It is regrettable that so many college writers try to be merely clever and so waste their power. An instance of this in the present number of the Advocate is "Three Dialogues and a Monologue." It does succeed in being clever. It concerns a young man and a young woman who understand each other well enough to be in a delightful relation of good fellowship, which makes their dialogue amusing and very readable.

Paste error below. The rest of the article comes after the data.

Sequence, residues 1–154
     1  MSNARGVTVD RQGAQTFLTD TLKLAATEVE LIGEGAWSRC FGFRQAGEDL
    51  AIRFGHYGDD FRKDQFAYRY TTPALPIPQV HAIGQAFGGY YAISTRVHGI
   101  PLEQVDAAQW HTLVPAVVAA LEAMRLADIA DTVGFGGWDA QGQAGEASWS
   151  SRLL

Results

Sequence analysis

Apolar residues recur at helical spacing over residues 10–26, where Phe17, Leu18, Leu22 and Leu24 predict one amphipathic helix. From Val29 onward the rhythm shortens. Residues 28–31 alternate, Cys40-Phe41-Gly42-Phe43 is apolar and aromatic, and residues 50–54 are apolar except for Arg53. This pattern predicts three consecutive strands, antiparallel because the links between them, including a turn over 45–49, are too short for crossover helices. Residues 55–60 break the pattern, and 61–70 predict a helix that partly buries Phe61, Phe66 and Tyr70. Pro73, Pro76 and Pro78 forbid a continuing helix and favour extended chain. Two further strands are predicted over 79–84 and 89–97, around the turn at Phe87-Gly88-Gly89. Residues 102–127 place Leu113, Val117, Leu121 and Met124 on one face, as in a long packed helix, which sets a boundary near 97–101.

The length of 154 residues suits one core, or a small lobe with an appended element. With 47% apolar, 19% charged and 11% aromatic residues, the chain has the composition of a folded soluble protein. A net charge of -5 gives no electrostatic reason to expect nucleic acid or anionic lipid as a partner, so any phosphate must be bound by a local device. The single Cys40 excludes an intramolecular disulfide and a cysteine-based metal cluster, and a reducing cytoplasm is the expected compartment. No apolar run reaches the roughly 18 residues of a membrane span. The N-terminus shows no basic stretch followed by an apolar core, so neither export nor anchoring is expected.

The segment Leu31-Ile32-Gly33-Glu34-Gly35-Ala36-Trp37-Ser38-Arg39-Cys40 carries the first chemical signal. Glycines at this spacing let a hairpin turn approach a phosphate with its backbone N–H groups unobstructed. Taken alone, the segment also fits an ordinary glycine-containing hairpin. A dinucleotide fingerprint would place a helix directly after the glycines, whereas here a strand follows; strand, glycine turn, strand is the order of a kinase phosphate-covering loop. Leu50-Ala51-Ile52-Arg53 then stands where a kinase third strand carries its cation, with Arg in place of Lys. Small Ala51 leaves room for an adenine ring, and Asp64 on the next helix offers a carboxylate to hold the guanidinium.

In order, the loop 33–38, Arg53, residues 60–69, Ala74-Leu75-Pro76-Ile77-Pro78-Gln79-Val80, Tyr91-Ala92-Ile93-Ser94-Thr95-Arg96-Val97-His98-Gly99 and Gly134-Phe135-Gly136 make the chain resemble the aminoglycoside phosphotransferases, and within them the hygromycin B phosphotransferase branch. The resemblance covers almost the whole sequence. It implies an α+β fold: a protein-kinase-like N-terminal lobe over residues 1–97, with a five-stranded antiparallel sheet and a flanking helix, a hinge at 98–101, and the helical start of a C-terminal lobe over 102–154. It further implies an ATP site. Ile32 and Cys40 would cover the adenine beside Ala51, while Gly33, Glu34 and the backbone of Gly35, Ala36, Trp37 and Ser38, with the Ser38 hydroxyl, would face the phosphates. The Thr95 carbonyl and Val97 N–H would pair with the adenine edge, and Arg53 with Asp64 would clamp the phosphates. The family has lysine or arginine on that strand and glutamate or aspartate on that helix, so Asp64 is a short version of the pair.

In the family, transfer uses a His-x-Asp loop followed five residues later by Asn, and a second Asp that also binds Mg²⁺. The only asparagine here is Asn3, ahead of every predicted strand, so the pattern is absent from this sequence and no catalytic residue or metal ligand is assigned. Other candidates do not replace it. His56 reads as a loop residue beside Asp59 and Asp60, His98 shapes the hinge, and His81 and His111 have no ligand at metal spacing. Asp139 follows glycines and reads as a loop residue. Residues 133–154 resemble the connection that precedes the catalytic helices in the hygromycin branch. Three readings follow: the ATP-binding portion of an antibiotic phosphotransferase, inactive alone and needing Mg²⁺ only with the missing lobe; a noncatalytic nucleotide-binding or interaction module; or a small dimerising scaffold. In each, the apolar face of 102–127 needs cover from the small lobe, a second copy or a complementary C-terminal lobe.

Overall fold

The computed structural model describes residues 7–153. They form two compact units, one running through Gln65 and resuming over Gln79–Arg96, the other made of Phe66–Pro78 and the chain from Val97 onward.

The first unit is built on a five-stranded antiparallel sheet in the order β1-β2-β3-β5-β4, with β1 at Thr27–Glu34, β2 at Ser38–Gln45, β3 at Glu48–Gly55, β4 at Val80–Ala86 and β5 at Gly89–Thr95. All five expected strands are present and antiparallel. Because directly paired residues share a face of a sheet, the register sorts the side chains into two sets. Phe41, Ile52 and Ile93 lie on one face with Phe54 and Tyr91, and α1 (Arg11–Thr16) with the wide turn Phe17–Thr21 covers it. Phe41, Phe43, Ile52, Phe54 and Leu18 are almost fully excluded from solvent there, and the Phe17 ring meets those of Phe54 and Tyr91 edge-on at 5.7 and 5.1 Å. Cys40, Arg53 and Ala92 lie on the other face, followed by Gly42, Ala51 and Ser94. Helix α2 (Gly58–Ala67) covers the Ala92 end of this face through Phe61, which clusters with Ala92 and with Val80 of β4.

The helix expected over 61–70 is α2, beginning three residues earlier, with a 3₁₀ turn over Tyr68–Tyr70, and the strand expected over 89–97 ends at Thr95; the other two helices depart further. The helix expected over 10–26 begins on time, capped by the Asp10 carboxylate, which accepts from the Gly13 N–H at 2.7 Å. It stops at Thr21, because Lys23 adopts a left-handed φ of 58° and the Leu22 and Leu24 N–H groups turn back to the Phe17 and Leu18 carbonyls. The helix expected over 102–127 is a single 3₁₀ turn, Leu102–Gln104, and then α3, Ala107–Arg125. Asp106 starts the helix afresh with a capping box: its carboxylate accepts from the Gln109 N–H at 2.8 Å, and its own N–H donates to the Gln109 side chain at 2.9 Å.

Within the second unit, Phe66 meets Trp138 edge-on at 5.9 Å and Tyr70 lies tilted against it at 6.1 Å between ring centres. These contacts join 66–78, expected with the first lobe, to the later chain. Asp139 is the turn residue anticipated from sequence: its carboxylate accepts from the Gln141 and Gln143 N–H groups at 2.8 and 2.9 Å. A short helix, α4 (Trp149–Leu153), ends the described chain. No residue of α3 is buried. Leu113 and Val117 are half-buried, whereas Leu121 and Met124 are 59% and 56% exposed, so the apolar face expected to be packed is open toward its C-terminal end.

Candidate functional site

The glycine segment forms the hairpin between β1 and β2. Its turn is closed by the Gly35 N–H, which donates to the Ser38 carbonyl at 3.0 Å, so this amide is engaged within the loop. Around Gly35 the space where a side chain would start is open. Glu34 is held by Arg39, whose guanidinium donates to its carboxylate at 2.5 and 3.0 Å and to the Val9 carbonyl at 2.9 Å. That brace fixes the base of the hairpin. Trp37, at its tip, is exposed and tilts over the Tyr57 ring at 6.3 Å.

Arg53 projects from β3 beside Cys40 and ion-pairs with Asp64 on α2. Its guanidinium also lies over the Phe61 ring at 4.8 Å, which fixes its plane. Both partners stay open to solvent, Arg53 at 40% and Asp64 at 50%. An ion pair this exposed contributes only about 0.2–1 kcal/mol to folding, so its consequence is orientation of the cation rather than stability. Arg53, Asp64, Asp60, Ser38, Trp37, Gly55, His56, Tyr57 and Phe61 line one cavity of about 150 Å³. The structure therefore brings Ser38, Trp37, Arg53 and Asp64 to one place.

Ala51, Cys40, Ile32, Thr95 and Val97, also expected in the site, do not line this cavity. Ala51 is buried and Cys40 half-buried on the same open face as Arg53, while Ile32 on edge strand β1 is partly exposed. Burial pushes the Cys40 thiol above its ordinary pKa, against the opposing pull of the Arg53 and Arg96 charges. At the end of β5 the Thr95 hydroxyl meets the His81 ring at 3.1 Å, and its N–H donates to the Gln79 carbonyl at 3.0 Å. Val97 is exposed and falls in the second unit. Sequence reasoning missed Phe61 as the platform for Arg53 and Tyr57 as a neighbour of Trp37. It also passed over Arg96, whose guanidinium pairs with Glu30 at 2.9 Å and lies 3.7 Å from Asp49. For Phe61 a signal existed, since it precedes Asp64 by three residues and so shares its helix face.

"A Different Corner," an answer to Harvard Episodes, is above cleverness. It has a serious intent and contains genuine sentiment. There is no attempt to express more than a small part of the ideal side of Harvard life, but it is an effort in the right direction and well done. The writer of "A Cuban Romance" might have made more of his subject without making his story any longer. The writing is forcible and compelling, however. An amusing incident is related in "A Sketch."